More than 50 Florida State University fraternity members and administrators testified before a grand jury on Monday as it meets to consider filing charges in last month's death of a fraternity pledge.
The Leon County grand jury on Monday began two days of interviews with Florida State administrators and those who were at a party with Andrew Coffey, who died after attending an off-campus party.
Coffey was a junior and a pledge at Pi Kappa Phi. He died Nov. 3 after he was found unresponsive after a party. Florida State University President John Thrasher responded three days later by indefinitely suspending its fraternities and sororities.
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Thrasher and Vice President of Student Affairs Amy Hecht testified in the morning. Thrasher said last week that he hasn't decided when the suspension would be lifted. Florida State has concluded classes for the Fall Semester. Spring Semester classes will begin on Jan. 8.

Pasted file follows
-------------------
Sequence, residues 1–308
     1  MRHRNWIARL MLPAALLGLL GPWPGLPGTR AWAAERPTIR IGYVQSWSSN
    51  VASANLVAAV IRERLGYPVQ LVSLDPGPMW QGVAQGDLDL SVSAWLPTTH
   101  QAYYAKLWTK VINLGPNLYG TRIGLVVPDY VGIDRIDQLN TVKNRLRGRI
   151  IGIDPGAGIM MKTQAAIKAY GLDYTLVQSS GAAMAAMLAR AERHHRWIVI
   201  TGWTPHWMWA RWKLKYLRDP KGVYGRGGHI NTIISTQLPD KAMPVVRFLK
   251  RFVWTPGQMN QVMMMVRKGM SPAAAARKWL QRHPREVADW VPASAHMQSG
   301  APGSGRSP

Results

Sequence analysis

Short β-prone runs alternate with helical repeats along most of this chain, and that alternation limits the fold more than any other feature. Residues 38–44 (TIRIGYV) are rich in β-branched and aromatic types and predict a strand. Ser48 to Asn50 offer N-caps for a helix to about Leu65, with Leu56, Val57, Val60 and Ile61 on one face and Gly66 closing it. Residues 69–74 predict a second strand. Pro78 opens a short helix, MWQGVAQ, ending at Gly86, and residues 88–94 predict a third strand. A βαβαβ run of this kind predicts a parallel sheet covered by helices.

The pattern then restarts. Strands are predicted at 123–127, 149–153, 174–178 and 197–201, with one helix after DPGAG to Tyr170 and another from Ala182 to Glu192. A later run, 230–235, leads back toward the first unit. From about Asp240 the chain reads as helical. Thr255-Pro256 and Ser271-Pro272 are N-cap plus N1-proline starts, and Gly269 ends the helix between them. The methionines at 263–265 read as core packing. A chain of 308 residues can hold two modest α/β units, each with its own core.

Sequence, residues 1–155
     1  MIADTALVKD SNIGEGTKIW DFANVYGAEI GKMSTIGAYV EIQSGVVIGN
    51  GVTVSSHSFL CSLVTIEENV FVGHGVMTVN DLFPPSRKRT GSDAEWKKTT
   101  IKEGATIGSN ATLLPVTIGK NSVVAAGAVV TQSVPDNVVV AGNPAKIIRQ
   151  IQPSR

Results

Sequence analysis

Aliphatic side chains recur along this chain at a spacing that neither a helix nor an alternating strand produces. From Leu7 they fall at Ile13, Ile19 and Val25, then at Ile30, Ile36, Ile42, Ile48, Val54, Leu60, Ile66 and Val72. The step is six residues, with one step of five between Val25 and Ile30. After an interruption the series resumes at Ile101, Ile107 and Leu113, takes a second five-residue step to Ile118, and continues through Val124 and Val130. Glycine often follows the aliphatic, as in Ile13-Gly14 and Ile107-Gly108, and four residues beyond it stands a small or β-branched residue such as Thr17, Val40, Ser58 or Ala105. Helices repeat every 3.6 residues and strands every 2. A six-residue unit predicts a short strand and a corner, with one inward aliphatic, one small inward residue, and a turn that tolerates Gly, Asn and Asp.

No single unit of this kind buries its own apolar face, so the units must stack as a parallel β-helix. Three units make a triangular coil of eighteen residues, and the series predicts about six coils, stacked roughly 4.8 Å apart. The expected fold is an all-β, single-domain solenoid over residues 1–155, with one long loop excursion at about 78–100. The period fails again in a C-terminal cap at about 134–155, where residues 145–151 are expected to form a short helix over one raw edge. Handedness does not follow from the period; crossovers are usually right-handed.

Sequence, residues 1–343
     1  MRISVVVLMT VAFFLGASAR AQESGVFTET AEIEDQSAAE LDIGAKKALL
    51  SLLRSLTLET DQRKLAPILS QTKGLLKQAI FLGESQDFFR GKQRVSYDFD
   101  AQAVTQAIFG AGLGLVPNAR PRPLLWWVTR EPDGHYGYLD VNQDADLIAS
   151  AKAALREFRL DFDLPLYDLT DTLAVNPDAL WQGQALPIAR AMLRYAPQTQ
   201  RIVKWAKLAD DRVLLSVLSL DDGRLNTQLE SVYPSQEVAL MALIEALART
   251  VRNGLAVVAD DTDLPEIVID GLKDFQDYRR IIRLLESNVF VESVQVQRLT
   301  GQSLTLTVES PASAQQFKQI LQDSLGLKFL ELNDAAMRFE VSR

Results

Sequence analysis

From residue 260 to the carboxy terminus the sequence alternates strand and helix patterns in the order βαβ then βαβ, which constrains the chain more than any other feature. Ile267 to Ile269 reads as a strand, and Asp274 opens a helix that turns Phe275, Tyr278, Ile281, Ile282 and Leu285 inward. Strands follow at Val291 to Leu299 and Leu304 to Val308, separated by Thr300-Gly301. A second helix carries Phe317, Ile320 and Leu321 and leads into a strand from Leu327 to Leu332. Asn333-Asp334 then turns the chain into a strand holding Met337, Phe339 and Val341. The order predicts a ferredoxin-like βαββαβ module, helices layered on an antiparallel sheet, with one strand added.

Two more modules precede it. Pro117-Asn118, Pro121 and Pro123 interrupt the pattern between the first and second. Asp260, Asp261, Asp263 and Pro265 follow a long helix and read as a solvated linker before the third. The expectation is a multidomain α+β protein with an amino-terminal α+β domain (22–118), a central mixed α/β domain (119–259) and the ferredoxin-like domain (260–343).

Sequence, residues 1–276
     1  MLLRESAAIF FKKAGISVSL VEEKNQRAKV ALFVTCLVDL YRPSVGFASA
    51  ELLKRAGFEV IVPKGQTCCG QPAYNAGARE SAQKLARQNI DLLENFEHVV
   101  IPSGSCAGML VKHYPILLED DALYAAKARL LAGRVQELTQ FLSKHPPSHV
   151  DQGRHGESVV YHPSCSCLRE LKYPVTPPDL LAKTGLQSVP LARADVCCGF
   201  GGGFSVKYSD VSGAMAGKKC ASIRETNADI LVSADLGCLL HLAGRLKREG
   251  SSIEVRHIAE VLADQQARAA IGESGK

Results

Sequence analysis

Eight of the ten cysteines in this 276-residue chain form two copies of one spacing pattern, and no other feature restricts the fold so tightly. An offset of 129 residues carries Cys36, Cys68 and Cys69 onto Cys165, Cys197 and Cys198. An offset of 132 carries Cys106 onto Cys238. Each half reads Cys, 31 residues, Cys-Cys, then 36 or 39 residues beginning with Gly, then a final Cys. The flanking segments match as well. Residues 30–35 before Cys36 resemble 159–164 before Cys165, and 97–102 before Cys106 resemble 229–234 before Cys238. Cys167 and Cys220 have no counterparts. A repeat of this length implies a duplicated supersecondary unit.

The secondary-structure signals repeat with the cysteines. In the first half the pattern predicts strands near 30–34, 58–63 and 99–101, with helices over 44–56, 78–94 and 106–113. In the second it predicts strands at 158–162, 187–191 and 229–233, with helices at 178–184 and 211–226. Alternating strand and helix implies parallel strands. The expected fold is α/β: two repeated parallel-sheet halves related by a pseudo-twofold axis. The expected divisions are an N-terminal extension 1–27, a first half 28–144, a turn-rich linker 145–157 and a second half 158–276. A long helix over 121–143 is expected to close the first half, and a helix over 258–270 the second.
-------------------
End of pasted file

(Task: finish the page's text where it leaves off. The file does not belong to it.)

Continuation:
Pi Kappa Phi closed the Florida State chapter shortly after Coffey's death.
Fraternity members started testifying in the afternoon and were called three at a time. They waited in adjacent courtrooms with their attorneys before being called to testify.
Tallahassee Police said there were indications alcohol was involved in Coffey's death. The state Medical Examiner hasn't released its report.
Penn State and Louisiana State universities also suspended Greek activities earlier this year due to student deaths, but Florida State's move triggered a bigger impact nationally. Since Florida State's announcement, Texas State, Ohio State and Michigan have also issued suspensions of Greek activities either due to a student's death or incidents involving fraternities and sororities.
During the suspension, the only events Greek life members can conduct are meetings with the university or their national chapter. Students are allowed to remain as residents in their fraternity or sorority houses. Thrasher also banned alcohol at all student organization events during the suspension.